My first baby had this and they termed it Laryngomalacia. I remember everyone saying, "Oh, she sounds like she has a cold." Then we would have to give the whole lesson on Laryngomalacia being week throat muscles.... It sounds like your baby is still growing. I am sure that is what they will monitor on your doctor visits. My daughter's condition was so severe that they termed her as having a failure to thrive and had to operate on her at 6 weeks old! I think it is a VERY small percentage of children that have to go through this but it was very scary, especially because it was our first child. After the operation there was absolutely no problems and today is her 9th Birthday!

Hi KS,

My SIL had that when she was little. My MIL has told me about it several times. She eventually grew out of it. I wish you well!

Sincerely,
Hayley

My daughter was born with the same condition. She is now 2.5 years and doing fine. The doctor told me that they will "grow" out of it and she hardly makes any noise any more. Like your son she was always louder when she was excited or upset. Everyone always thought she sounded horrible when she ate and there was lots of concern from people who were not around her often. Everyone thought she had some horrible respiratory problem and would constantly ask "Have you taken her to a doctor??" I only breastfed for 2 weeks and she was on a bottle after that. I did find that using a slower flow nipple was helpful. Other than that, business as usual - good luck!

My daughter is 3 and a half and also has Tracheomalacia. She had many many tests in her first year and a half of life to rule out everything else. She has grown very well and this condition does not seem to bother her nearly as much as it concerns other people who hear her breathe and coughing. For my daughter the chronic cough that accompanies this condition is much worse than the breathing. She sounds like she has a 50 year old smoker cough... Sometimes her coughing causes her to gag and throw up which is pretty rough but she has gotten so used to it that it doesn't even phase her she just goes on to the next activity as if nothing happened. The doctor's thought she might out grow it by now and it has improved but hopefully more progress will be made as she continues to grow.

My son has tracheomalacia, due to being intubated for a total of 3 weeks after his birth at 26 weeks gestation. He was 2lbs 1oz. The endotracheal tube that supplied his breath for so long stretched out or weakened his airway. He is very noisy at times, and everyone asks "Is he always this noisy?" To me, its just him, and I don't notice it being out of the ordinary. He's starting to quiet down, as he's been home for two months now. He's six weeks old adjusted age (what he'd be if born when he was supposed to be!) Like your son, when he's excited you can really hear how loud his breathing is, but other than that, its not labored or anything during his sleep or when he's just chilling out. I agree that his breathing during eating is much better when he's not around a lot of stimulation during feeding, however, he's our first, so he doesn't have brothers or sisters vying for attention while I'm feeding him, either!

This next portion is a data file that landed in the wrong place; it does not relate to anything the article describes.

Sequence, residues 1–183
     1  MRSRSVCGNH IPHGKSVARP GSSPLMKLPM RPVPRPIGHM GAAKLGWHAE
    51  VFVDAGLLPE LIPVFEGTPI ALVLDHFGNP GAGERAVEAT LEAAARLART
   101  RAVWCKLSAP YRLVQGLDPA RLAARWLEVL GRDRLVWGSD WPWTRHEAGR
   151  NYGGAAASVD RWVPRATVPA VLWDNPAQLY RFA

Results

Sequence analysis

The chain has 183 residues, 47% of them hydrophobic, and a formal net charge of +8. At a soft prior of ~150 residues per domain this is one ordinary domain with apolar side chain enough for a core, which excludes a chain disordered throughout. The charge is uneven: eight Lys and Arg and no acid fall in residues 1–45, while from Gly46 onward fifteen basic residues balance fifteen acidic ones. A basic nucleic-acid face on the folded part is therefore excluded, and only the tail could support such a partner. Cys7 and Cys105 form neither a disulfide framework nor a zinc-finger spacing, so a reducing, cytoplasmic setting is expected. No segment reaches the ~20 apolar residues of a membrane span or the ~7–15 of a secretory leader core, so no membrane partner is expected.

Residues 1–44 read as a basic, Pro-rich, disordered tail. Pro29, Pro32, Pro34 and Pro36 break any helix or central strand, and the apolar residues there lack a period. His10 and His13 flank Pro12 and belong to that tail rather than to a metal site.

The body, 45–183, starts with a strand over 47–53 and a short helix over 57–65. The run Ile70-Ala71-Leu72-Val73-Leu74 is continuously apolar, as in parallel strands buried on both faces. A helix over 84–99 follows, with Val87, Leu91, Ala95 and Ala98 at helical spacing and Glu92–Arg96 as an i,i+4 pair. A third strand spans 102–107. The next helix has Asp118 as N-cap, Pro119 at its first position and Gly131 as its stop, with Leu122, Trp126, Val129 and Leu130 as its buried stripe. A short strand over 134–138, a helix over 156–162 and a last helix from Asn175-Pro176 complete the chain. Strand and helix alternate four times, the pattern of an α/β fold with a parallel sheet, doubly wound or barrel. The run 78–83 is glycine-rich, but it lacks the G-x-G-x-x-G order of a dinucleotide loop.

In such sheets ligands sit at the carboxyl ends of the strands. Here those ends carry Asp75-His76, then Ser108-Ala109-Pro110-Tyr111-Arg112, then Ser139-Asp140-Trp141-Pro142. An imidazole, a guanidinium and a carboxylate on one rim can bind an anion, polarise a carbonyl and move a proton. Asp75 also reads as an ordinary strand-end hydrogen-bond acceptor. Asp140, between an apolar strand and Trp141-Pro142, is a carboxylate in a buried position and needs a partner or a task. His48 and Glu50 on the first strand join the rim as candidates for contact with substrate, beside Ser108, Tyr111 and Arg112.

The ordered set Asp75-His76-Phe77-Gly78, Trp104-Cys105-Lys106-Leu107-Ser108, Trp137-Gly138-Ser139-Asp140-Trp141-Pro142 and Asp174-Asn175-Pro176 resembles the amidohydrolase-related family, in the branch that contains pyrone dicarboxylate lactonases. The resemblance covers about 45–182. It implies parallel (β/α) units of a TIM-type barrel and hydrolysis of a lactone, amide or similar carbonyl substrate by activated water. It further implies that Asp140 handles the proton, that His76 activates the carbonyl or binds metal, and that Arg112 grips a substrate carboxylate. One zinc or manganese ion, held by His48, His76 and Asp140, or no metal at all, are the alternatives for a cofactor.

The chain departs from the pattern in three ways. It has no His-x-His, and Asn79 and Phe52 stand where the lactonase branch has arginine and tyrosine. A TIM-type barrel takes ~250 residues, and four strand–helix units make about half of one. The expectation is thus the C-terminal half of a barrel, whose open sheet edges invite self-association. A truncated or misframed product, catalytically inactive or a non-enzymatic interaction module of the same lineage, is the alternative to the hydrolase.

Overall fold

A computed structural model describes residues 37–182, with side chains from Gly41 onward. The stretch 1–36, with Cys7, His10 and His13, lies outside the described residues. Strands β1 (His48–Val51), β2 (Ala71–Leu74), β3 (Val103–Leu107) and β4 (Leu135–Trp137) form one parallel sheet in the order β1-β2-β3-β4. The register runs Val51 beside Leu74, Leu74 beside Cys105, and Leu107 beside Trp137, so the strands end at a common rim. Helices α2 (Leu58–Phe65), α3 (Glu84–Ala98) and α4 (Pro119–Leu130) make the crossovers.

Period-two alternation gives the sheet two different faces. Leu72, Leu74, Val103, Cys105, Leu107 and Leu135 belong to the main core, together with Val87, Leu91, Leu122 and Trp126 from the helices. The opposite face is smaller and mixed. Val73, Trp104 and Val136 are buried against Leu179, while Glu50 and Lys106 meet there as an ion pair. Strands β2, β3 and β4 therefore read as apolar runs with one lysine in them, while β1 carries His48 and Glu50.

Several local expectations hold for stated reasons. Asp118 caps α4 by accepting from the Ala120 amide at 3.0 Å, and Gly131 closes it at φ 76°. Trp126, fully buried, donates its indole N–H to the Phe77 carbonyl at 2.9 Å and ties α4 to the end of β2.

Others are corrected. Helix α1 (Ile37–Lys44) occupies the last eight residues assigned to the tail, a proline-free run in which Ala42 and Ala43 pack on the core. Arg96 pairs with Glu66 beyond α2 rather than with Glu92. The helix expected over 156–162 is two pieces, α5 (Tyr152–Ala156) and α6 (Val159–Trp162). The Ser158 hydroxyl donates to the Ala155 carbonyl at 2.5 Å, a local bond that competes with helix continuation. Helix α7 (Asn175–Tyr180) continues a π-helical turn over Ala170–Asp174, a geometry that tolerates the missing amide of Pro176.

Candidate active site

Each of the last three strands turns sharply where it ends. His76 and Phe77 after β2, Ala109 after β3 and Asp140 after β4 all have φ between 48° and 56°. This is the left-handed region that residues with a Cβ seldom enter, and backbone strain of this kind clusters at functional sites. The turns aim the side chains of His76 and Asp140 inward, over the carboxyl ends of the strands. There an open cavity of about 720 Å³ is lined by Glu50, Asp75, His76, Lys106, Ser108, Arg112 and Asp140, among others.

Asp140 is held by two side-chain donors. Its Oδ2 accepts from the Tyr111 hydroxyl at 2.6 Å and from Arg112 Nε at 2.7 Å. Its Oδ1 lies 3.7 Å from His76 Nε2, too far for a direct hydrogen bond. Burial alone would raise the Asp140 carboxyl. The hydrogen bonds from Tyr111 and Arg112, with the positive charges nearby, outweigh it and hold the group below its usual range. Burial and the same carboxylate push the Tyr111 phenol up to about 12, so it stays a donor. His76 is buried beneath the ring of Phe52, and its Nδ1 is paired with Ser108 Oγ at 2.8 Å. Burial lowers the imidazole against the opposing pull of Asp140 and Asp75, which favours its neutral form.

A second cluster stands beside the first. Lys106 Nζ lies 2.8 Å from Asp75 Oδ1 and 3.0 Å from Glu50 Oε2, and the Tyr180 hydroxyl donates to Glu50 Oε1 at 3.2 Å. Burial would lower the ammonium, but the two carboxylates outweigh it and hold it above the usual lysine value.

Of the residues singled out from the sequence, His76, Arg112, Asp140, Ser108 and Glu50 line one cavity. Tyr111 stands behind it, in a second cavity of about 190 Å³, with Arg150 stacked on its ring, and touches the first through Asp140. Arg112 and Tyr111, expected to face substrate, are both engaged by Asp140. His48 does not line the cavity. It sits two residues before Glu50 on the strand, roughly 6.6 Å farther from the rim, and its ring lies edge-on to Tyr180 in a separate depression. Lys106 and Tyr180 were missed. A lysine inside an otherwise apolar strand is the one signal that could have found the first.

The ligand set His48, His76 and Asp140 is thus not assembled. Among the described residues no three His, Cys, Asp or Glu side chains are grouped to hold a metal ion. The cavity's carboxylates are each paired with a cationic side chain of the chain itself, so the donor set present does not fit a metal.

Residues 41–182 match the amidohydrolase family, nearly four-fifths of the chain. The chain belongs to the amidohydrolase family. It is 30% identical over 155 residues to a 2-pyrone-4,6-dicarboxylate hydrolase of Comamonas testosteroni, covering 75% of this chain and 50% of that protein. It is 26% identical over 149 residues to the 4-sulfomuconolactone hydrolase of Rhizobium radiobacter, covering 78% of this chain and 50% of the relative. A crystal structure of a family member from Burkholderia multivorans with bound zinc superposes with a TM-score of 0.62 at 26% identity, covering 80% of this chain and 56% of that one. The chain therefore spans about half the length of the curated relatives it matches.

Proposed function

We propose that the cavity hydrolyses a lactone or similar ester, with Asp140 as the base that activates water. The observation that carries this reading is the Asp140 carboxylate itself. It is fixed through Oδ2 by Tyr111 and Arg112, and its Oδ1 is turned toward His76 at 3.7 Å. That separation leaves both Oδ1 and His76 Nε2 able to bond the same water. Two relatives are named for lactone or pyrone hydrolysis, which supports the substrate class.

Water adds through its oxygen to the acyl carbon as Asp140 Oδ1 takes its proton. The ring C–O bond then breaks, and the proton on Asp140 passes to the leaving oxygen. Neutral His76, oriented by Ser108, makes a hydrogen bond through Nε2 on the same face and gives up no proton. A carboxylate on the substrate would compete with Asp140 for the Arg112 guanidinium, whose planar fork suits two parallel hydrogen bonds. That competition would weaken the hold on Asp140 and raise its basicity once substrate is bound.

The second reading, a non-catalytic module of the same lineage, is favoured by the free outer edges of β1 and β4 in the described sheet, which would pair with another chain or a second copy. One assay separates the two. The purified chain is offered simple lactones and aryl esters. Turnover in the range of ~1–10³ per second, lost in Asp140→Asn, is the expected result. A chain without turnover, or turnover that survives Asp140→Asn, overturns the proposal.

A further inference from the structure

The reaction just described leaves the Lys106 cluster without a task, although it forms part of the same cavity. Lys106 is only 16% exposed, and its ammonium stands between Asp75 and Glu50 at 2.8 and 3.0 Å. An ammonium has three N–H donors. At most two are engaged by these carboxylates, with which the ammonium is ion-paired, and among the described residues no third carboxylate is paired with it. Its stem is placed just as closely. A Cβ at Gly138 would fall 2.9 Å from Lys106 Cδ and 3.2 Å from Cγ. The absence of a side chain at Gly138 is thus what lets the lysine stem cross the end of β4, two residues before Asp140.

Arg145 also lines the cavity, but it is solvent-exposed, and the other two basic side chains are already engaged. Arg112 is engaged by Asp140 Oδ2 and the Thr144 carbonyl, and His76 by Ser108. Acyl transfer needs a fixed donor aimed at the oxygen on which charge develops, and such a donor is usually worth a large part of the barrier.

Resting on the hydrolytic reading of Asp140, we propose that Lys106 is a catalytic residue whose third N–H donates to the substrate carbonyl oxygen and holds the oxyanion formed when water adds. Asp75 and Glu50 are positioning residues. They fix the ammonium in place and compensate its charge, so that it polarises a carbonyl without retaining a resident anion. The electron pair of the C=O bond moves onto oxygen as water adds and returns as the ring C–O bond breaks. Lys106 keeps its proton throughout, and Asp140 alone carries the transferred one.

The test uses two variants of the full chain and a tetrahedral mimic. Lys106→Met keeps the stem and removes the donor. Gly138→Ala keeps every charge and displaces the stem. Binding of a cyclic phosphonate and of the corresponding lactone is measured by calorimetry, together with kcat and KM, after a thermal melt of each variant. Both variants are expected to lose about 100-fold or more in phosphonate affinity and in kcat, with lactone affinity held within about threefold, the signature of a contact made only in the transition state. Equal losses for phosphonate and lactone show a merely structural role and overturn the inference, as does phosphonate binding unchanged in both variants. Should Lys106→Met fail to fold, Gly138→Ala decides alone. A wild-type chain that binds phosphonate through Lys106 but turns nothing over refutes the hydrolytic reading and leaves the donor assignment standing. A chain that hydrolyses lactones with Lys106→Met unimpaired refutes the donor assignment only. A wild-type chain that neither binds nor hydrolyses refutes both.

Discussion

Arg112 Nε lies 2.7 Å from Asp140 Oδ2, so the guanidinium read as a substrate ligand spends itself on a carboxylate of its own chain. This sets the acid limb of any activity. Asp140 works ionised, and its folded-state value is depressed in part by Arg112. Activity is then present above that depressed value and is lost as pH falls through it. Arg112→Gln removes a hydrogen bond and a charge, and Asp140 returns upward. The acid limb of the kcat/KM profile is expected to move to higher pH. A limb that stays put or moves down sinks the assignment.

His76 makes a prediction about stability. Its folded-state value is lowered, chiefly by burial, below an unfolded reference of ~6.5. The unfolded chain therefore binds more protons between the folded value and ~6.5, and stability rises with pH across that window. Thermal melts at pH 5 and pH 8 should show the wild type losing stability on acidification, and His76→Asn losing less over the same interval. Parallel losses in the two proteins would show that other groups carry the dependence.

Yes, my name is A. and my son Daniel had tracheomalacia or commonly known as STRIDOR. He had it when he was a few weeks old and it sounded much worse at night when he was sleeping. My son has Down syndrome but the tracheomalacia can happen with special needs children or typical child. Down syndrome children can sometimes have low tone or be floppy because of the low tone and it can cause this too. He grew out of his after he got a bit older and his weakness and floppiness in the walls of the windpipe got stronger. I did have him seen by an ENT just to make sure. You can as well if you want peace of mind, but he should grow out of it. My son is 3 and recently had his tonsils and adenoids out and is happy and healthy!